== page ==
Saturday, June 14, 2014

Cut J.B. Some Slack

 
The hue-and-cry over same-sex marriage is unfortunately following the same dysfunctional political pandering as so many other issues of the day in American society with Democrats calling for a repeal of laws prohibiting it and the right-wing, not unpredictably, opposing that. 
 
The left, of course, had its energy fueled by such events as U.S. District Judge Barbara Crabb's decision striking down an amendment to the Wisconsin Constitution approved by voters less than eight years ago which declared that “Only a marriage between one man and one woman shall be valid or recognized as a marriage in this state."
 
Judge Crabb stayed her decision to allow the state to appeal which Atty. Gen. J.B. Van Hollen, a Republican, promised to do.  That subjected Van Hollen to a barrage of attacks from the left which in large measure blindly call upon him to shirk his duty to defend the state constitution. 
 
The task of defending Wisconsin's recently enacted same-sex marriage ban is perhaps easier for Van Hollen because it coincides with his own thinking but even if it didn't he is still duty-bound to defend it.  Yes, he's a political animal and no doubt politics has some bearing on this, but the left, including our own Peter Barca, the Assembly minority leader, need to cool their jets and bombastic rhetoric and allow the legal process to proceed.  That's the way we're supposed to do things in  the country and to suggest otherwise is to move us closer to the throws of anarchy.
 
Regardless of how you feel about gay marriage the reality is that it is not only a divisive issue in this country but one that needs to be settled by the U.S. Supreme Court, particularly because some lower courts, such as Judge Crabb's, have claimed that same-sex marriage prohibitions offend the United States Constitution.  In so doing they rely heavily on the 1967 U.S. Supreme Court decision in Loving v. Virginia, 388 U.S. 1 (1967) which invalidated a Virginia state statute prohibiting interracial marriage.
 
On its face, however, reliance on Loving may be flawed -- and that's precisely why Van Hollen must be allowed to do his job and, hopefully, the U.S. Supreme Court will rise to the occasion and resolve this. 
 
First, Loving involved the marriage of a man and a woman, not a same-sex marriage.  Although gay marriage supporters see that as a distinction without a difference there is credible legal precedent which holds otherwise.
 
The almost-forgotten 1972 case is Baker v. Nelson, a post-Loving appeal of a Minnesota Supreme Court decision which the U.S. Supreme Court dismissed in a one-sentence decision for lack of a substantial federal question.  That let stand the Minnesota Supreme Court's 1971 opinion that there is no constitutional right to marriage between persons of the same sex: "These constitutional challenges have in common the assertion that the right to marry without regard to the sex of the parties is a fundamental right of all persons and that restricting marriage to only couples of the opposite sex is irrational and invidiously discriminatory. We are not independently persuaded by these contentions and do not find support for them in any decisions of the United States Supreme Court. The institution of marriage as a union of man and woman, uniquely involving the procreation and rearing of children within a family, is as old as the book of Genesis."  Further, reliance on Loving was rejected: "Virginia's antimiscegenation statute, prohibiting interracial marriages, was invalidated solely on the grounds of its patent racial discrimination . . . [T]o deny this fundamental freedom on so unsupportable a basis as the racial classifications embodied in these statutes, classifications so directly subversive of the principle of equality at the heart of the Fourteenth Amendment, is surely to deprive all the State's citizens of liberty without due process of law. The Fourteenth Amendment requires that the freedom of choice to marry not be restricted by invidious racial discriminations. Loving does indicate that not all state restrictions upon the right to marry are beyond reach of the Fourteenth Amendment. But in commonsense and in a constitutional sense, there is a clear distinction between a marital restriction based merely upon race and one based upon the fundamental difference in sex."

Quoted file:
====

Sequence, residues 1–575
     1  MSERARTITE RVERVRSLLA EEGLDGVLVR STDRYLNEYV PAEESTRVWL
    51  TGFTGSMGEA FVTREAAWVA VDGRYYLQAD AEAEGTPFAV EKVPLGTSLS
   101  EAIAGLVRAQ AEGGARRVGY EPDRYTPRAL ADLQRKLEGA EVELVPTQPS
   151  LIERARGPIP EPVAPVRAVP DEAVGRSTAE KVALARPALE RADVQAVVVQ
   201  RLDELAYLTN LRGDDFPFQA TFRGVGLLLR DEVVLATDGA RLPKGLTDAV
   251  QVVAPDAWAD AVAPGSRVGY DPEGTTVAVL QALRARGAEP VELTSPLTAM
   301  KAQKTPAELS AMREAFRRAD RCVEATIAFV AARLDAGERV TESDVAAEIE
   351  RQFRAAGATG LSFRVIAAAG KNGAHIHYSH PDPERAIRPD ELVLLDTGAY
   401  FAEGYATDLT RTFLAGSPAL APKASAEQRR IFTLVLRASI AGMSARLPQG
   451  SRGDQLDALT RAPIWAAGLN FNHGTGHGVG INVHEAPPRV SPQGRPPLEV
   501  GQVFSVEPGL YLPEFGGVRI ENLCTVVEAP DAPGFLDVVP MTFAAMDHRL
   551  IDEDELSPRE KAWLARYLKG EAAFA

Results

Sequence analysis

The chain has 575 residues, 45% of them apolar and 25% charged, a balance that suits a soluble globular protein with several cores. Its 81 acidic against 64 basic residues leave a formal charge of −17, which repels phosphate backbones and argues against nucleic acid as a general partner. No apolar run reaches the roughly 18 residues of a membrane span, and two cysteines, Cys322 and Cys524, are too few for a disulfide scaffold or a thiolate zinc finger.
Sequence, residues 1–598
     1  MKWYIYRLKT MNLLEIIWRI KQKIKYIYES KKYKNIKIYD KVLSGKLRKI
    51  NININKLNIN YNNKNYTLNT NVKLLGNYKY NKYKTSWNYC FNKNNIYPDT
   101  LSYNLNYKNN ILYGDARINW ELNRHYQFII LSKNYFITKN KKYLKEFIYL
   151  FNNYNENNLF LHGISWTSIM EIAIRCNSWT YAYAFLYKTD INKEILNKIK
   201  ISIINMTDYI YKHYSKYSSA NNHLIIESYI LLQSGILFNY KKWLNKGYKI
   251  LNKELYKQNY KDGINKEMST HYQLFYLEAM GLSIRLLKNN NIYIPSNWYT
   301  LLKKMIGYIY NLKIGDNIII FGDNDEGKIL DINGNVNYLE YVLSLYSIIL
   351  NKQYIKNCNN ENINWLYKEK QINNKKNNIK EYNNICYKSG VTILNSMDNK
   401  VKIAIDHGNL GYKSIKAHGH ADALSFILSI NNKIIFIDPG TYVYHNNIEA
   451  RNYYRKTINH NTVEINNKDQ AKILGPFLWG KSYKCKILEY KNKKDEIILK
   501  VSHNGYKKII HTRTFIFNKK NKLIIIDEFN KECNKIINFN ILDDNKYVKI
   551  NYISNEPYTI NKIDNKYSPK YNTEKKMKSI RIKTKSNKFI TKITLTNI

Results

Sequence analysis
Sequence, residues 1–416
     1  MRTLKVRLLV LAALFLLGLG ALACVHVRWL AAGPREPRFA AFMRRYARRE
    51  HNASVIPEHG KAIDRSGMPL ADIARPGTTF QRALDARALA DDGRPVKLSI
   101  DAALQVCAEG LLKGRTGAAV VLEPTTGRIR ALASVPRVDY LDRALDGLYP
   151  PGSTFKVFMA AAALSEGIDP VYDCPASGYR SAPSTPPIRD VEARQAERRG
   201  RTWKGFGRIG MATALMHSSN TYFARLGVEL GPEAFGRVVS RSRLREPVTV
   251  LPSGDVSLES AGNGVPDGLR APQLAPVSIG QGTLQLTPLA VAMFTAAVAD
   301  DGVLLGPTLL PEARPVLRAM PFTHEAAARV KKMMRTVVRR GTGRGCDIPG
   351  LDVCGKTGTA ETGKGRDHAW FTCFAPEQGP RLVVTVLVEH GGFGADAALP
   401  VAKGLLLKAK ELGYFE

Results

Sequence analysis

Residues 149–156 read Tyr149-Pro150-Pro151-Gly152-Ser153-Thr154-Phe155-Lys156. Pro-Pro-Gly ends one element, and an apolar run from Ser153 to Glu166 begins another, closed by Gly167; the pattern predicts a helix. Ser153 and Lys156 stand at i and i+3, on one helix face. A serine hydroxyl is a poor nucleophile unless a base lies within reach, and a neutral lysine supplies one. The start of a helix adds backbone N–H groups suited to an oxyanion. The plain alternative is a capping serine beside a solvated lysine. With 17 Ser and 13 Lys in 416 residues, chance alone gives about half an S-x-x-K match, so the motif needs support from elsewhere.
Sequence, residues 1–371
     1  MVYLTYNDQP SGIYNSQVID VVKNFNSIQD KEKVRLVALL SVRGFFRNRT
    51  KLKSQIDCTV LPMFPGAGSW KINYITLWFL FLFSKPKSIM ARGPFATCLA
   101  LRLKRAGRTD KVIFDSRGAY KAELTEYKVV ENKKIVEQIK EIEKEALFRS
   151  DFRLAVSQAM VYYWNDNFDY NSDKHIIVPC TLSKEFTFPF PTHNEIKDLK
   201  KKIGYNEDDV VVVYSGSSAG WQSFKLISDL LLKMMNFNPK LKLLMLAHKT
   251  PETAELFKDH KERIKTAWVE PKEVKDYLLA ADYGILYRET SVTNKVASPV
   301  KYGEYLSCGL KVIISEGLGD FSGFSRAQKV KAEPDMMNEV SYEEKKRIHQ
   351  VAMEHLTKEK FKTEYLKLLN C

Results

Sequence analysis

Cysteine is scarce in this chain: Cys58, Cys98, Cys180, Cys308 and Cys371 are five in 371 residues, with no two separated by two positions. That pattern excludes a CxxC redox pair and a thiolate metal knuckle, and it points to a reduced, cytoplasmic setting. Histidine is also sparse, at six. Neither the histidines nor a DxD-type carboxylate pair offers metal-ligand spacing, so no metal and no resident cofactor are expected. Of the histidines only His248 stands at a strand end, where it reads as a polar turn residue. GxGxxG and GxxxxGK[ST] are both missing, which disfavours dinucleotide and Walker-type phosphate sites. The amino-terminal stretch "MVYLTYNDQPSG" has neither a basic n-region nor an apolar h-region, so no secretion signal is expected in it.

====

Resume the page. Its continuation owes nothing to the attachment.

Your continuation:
Baker v. Nelson remained "good law" but same-sex marriage was ultimately allowed in Minnesota because the state legislature in 2013 changed the statutes.  That can't happen in Wisconsin.
 
This discussion illustrates that Van Hollen is not just shooting off his mouth or shooting from the hip when he says he's doing his duty to defend Wisconsin's constitution.  His task is considerably different from our neighboring state.  In Minnesota, voters rejected a gay-marriage prohibition amendment to the state constitution so all it took to change course was a simple vote of the legislature.  Here Wisconsin voters amended the state constitution to outlaw same-sex marriages and thus our legislature's hands are effectively tied as is Van Hollen's.
 
Perhaps the U.S. Supreme Court will revisit Baker v. Nelson.  I think it should because either the decision needs to be reaffirmed or overturned.  No doubt Van Hollen's defense of the Wisconsin constitution pleases the political right and angers the left but regardless of politics at the end of the day he's just doing his job.

Gay marriage supporters need to stand down.  By appealing Judge Crabb's decision Van Hollen is doing them a favor. Although the 7th Circuit Court of Appeals in Chicago is the next stop eventually the case may wind up where it needs to be -- before the U.S. Supreme Court.  If the Constitution is on their side as they claim it is, then those who support Judge Crabb's decision should welcome this with open arms.